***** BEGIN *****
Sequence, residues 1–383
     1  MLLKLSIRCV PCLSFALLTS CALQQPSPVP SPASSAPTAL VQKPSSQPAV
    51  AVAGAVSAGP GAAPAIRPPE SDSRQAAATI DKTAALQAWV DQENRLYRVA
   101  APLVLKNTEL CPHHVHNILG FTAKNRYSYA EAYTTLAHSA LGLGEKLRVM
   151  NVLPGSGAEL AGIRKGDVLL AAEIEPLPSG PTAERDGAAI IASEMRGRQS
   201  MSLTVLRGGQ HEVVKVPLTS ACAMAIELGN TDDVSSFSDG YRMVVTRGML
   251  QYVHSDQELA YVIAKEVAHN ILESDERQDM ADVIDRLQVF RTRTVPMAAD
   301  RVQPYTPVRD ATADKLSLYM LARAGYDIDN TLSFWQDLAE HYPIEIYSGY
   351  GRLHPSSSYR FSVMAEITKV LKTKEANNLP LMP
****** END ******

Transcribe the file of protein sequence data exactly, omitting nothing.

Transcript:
Sequence, residues 1–383
     1  MLLKLSIRCV PCLSFALLTS CALQQPSPVP SPASSAPTAL VQKPSSQPAV
    51  AVAGAVSAGP GAAPAIRPPE SDSRQAAATI DKTAALQAWV DQENRLYRVA
   101  APLVLKNTEL CPHHVHNILG FTAKNRYSYA EAYTTLAHSA LGLGEKLRVM
   151  NVLPGSGAEL AGIRKGDVLL AAEIEPLPSG PTAERDGAAI IASEMRGRQS
   201  MSLTVLRGGQ HEVVKVPLTS ACAMAIELGN TDDVSSFSDG YRMVVTRGML
   251  QYVHSDQELA YVIAKEVAHN ILESDERQDM ADVIDRLQVF RTRTVPMAAD
   301  RVQPYTPVRD ATADKLSLYM LARAGYDIDN TLSFWQDLAE HYPIEIYSGY
   351  GRLHPSSSYR FSVMAEITKV LKTKEANNLP LMP